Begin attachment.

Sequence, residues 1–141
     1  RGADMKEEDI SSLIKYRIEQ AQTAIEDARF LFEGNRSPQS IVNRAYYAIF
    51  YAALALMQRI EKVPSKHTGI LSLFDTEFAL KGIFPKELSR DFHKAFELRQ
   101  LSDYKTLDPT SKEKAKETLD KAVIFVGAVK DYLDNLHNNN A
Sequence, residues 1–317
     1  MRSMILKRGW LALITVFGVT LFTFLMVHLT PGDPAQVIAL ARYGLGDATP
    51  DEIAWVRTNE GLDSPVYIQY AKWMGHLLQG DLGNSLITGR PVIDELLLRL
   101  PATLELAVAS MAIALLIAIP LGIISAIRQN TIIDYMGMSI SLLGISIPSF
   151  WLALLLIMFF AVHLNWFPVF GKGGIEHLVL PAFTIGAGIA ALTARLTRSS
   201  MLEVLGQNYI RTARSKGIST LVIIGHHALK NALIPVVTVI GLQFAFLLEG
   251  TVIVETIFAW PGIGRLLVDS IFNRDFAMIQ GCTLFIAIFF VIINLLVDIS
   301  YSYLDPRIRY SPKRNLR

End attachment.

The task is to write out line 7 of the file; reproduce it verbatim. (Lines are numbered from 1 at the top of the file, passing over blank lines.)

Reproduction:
    51  DEIAWVRTNE GLDSPVYIQY AKWMGHLLQG DLGNSLITGR PVIDELLLRL